Story by West Coast Editor Steve Casimiro
Told you so.
Earlier this year, we reported on the risks of bisphenol-A, a chemical used in plastic water bottles, baby formula containers, and canned-food linings, and drew the conclusion that BPA is in fact dangerous. We also noted that the Food and Drug Administration ruled BPA was safe based on two studies funded by the chemical industry, raising obvious questions of conflict of interest and flawed findings. Now, in a report released today, a panel sponsored by the FDA itself has come to essentially the same conclusions.
The report concerns the FDA’s ruling in August that plastic baby bottles are safe. Much of it is coached in scientific language—not what you’d call easy reading—but this much is unmistakable: “The margins of safety defined by FDA as ‘adequate’ are, in fact, inadequate,” the panel wrote. FDA’s methodology “creates a false sense of security”.
Specifically, the panel found that the FDA’s threshold for safe exposure is 10 times the amount some studies have shown can cause problems.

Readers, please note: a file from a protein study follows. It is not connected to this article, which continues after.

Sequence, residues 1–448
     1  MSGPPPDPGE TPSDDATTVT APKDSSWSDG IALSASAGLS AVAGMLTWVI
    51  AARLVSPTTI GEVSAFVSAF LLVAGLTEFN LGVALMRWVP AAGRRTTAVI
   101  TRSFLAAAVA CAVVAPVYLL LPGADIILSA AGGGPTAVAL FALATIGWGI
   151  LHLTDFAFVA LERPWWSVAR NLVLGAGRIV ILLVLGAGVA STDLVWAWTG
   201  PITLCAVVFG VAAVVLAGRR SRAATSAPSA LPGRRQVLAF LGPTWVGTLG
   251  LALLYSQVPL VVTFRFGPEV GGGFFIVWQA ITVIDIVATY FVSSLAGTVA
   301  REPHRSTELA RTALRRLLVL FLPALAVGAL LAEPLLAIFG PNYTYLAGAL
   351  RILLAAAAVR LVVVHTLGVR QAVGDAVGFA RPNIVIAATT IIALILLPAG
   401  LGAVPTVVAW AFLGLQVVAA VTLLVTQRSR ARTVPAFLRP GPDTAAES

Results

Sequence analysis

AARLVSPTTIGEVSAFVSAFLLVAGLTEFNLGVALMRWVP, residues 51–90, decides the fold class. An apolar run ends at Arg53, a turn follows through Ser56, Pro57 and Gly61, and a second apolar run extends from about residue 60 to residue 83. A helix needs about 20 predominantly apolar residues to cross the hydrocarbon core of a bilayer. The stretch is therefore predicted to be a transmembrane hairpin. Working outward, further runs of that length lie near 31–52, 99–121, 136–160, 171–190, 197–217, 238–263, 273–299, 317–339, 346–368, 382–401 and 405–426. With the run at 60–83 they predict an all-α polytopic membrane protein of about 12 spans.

The report also attacked the FDA for ignoring numerous studies showing a link between BPA and health problems such as prostrate and breast cancer, brain damage, early onset of puberty, and more. The FDA didn’t use enough samples in its testing and didn’t account for variability in BPA content, either: It relied on just 14 bottles of formula, all bought at the same time.
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The harsh findings come as somewhat of a surprise because the group of experts assembled to second-guess the FDA’s August ruling has been attacked itself for ties to the chemical industry. The chairman of the panel, Martin Philbert of the University of Michigan, heads a risk science center that received a $5 million pledge for research from a retired medical equipment businessman who’s been openly dismissive of BPA’s potential for health problems. Both Congress and the FDA are looking into the connection.
Rep. Rosa DeLauro, Democrat from Connecticut, whose Congressional committee oversees the FDA budget, said, "Despite the concerns about their objectivity, [the panel] agreed with the many independent scientists that questioned FDA’s initial assessment on BPA." It shows that “FDA should restart the BPA evaluation process."
The report is being presented Friday at a meeting of the Science Board of the FDA. You can read it in its entirety, along with a host of studies and documents assembled for the meeting, here.